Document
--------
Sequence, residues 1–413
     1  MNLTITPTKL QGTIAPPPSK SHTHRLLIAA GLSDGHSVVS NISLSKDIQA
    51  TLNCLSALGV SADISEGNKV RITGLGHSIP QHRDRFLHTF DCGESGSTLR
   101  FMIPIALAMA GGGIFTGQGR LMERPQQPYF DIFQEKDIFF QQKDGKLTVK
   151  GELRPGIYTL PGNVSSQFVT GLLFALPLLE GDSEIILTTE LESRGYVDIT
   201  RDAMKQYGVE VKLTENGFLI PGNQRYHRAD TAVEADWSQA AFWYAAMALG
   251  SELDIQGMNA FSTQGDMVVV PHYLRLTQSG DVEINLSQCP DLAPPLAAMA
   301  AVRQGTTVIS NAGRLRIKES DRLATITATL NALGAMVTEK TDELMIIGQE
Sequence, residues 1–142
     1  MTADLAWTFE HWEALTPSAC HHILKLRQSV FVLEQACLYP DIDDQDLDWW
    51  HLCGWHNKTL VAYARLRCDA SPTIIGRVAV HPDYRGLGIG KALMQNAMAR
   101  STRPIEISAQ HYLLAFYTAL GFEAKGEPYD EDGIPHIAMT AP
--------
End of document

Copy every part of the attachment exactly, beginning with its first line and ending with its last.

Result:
Sequence, residues 1–413
     1  MNLTITPTKL QGTIAPPPSK SHTHRLLIAA GLSDGHSVVS NISLSKDIQA
    51  TLNCLSALGV SADISEGNKV RITGLGHSIP QHRDRFLHTF DCGESGSTLR
   101  FMIPIALAMA GGGIFTGQGR LMERPQQPYF DIFQEKDIFF QQKDGKLTVK
   151  GELRPGIYTL PGNVSSQFVT GLLFALPLLE GDSEIILTTE LESRGYVDIT
   201  RDAMKQYGVE VKLTENGFLI PGNQRYHRAD TAVEADWSQA AFWYAAMALG
   251  SELDIQGMNA FSTQGDMVVV PHYLRLTQSG DVEINLSQCP DLAPPLAAMA
   301  AVRQGTTVIS NAGRLRIKES DRLATITATL NALGAMVTEK TDELMIIGQE
Sequence, residues 1–142
     1  MTADLAWTFE HWEALTPSAC HHILKLRQSV FVLEQACLYP DIDDQDLDWW
    51  HLCGWHNKTL VAYARLRCDA SPTIIGRVAV HPDYRGLGIG KALMQNAMAR
   101  STRPIEISAQ HYLLAFYTAL GFEAKGEPYD EDGIPHIAMT AP